NOUAKCHOTT - Mauritanian voters went to the polls Saturday in the country’s first election without an incumbent presidential candidate since the 2008 coup.
Polling stations closed at 7 p.m. across the Sahara Desert nation, and preliminary results are expected late in the evening.
Though voters were mobilized for these elections, seen as significant in the country’s democratic history, many are wary that the Independent National Electoral Commission (CENI), which earlier this year refused appeals to employ foreign observers, may not hold fair elections.
Polling stations surveyed
American embassy staff were among those in Nouakchott surveying polling stations across the capital.
“We’ve got 10 teams who have been out ever since the polls opened at 7 this morning, doing observations in various polling stations throughout the city,” U.S. Ambassador to Mauritania Michael Dodman told VOA.
“We’ll wait and see what the results are, we’ll wait and see what the experts … have to say. And we just hope that it all moves forward peacefully, quickly, and that this transfer of power really is a positive step for Mauritanian democracy,” he added.
Along with American embassy staff, local observers went to polling stations across the capital Saturday.
Local lawyer Fatimata M’Baye told VOA that she noticed some irregularities, namely that some voters were turned away and were told they needed to provide their voter registration number and not just an identification. M’Baye says that these numbers are only available online, and some people were unable to retrieve them in time to vote.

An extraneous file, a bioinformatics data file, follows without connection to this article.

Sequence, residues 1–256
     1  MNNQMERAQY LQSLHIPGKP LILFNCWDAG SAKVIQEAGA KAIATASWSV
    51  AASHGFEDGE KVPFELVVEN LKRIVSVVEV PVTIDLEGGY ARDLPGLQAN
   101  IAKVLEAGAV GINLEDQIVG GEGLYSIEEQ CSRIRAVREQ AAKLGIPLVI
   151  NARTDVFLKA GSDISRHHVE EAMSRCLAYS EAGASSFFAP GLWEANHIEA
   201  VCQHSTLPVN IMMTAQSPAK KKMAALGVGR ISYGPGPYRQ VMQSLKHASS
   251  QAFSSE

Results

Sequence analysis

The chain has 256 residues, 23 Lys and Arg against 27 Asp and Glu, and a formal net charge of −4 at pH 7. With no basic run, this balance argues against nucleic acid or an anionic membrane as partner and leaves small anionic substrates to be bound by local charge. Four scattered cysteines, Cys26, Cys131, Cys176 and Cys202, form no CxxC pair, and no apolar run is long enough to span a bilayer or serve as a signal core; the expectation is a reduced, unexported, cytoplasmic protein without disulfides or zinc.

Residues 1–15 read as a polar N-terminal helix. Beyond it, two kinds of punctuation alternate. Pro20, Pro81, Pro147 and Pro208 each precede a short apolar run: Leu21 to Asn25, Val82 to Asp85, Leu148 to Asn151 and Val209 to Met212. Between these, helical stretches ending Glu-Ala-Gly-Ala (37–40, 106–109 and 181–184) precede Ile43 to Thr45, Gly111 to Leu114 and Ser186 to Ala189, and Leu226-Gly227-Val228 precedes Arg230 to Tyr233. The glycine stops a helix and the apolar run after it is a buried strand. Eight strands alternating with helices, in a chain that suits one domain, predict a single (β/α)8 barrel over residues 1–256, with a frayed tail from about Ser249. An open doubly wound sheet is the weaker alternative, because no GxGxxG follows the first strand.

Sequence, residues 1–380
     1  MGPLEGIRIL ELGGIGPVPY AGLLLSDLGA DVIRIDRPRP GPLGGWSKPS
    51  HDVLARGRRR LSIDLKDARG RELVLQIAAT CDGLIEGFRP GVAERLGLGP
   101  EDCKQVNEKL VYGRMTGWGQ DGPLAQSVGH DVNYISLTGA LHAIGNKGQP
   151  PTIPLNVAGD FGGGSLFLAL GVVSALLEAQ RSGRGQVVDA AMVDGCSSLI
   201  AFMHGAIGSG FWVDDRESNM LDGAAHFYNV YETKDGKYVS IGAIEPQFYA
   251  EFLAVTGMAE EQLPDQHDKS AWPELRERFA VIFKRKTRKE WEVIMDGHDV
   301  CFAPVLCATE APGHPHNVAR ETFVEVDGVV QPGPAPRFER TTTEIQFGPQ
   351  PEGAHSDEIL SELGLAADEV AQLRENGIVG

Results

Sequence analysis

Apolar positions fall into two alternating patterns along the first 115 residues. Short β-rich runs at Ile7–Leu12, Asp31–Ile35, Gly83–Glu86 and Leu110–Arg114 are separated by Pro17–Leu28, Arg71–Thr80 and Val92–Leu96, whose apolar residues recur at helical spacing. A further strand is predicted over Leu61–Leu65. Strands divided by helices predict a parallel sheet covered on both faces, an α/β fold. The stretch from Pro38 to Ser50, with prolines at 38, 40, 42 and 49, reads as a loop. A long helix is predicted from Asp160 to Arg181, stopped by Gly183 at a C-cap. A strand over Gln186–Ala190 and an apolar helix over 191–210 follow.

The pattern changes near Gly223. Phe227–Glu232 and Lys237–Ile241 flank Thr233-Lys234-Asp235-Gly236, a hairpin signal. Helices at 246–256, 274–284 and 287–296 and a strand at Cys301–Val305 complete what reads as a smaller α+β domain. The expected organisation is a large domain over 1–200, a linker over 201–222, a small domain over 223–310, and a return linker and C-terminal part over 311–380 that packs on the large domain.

“I think these are questions that should have been addressed before election day,” M’Baye said, adding that she thinks the issue is more negligence by the CENI as opposed to obstruction.
“I think that in the future, the CENI needs to be much better prepared to allow the Mauritanian people to vote in peace,” she said.
Lacking faith in poll
According to a Gallup poll, 64% of Mauritanians do not have faith in the honesty of the elections.
When asked who they believe will win the election, many voters VOA spoke with in Nouakchott preceded their answer with “If the state doesn’t cheat. ..."
President Mohamed Ould Abdel Aziz is stepping down, as is mandated by the constitution, after his two five-year terms. His ruling Union for the Republic (UPR) party has put forth former Defense Minister Mohamed Ould Ghazouani as its candidate.
Opposition candidates say that Ghazouani would not affect any change from the last administration -- change they say is desperately needed.
“I think there needs to be a true changeover, because the state today of my country is catastrophic. The economic situation is extremely serious, as are our societal problems,” Sidi Mohammed Ould Boubacar, a former prime minister and leading opposition candidate supported by the Tewassoul party, told VOA.
Boubacar is one of five opposition candidates running to replace the UPR. Other candidates include well-known anti-slavery activist Biram Dah Abeid, who has promised a national inquiry into the country’s cases of modern slavery.
The country’s last elections in 2014 were heavily criticized for being unfair and were boycotted by many opposition parties. Then-incumbent President Aziz won by 84%.
Mauritania has had five military coups since it gained independence from France in 1960.